Every team’s got one. And I used to be one back in my teens while playing cricket with my friends. I was good — enough to make it to the school’s cricket team and to be the first person picked when teams get formed* right before we commence our session in the neighbourhood playground.
That said, I wasn’t great either, at least not all the time. There were times when I just wasn’t in form to score the biggies or pitch a ball at a decent line and length. And those were the times when the captains would pick me the last or perhaps second-last**! That hurt. A lot.
I wish I knew what I know now back then but that of course wasn’t to be. I translated being in-form to getting picked first although I couldn’t do much about being in the “form.” At least that’s what I thought back then. Little did I knew about the dynamics of performance in the game of life.
I love to draw parallels from sports to life. There are just way too many for me to ignore. One of them is the idea of being a high performer — it takes a lot of diligence, preparation, and grit to be one in sports. They not only get “picked” but also get everyone’s admiration and respect.
The biggest obstacles in a player’s performance are injuries, mindset, and perhaps to some extent weather conditions. They are significant enough to ruin people’s careers! And it’s not uncommon to see athletes with great potential ruin their future just because they weren’t in the right mindset (like failing to perform because it was too sunny?) or got injured.
Being a corporate athlete isn’t any different, except that there’s a lot of agency in what you can do. Injuries are uncommon, weather doesn’t have any influence on the workload that you have, which leaves us with just two things — your mindset and the environment. Thankfully, both can be influenced.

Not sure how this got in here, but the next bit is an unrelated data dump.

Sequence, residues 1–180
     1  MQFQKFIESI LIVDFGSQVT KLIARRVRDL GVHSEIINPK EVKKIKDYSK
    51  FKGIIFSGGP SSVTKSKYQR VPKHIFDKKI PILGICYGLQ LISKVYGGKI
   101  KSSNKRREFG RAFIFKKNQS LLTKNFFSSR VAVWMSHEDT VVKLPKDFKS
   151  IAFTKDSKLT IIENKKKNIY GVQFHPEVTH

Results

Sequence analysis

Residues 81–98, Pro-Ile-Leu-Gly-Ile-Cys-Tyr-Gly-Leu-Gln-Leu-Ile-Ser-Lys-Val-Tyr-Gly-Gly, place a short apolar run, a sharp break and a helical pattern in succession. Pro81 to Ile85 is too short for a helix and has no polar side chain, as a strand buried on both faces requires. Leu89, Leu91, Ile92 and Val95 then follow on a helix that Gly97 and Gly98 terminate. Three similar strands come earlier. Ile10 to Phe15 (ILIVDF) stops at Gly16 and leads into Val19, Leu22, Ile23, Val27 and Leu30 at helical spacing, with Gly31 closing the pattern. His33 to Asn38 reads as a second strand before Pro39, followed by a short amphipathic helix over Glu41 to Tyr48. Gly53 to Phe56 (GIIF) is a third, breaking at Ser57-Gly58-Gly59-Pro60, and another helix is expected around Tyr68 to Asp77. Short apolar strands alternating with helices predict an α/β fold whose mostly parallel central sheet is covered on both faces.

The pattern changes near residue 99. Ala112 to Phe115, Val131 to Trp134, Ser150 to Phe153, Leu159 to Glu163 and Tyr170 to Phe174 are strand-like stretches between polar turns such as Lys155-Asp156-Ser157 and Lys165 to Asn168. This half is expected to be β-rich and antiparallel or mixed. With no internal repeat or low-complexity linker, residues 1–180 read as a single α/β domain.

And this means that being a high-performer means you’re going to deliver results not just when you’re in the comfort zone but even when resources are few, momentum is low, when the load is already too heavy, or when your leader is absent, or perhaps there’s just too little time. I know, that’s a massive commitment. Perhaps, too much of an ask? Maybe. But it’s the truth when it comes to high performers. Anything less basically means you’ll be getting picked last.
In sports or business, you don’t become the go-to person by accident. It’s a major commitment on your part to not just show up as your best but also do your best. I honestly think being a high-performer at the workplace is so much more achievable than sports. Why? There’s a lot less competition. Most people aren’t willing to go the extra mile let alone delivering results or lifting the load.
As you can tell, this isn’t easy. Becoming the go-to player requires one to make uncomfortable choices that are totally worth it should becoming a better leader and professional are your top career career goals. The question is — are you willing to make that choice?
* In gully cricket (as we call it), teams are formed randomly. Call it a “self-organising” system. Among the bunch of guys, two of them (usually the oldest among the lot) would volunteer to captain and start picking their players randomly. The first person to get picked is usually their trump card… I was one of them. Most of the time, if not all the time.
** if I was lucky to have another under-performer (or perhaps a good-for-nothing-fella for cricket… a human placeholder so to speak) in the team.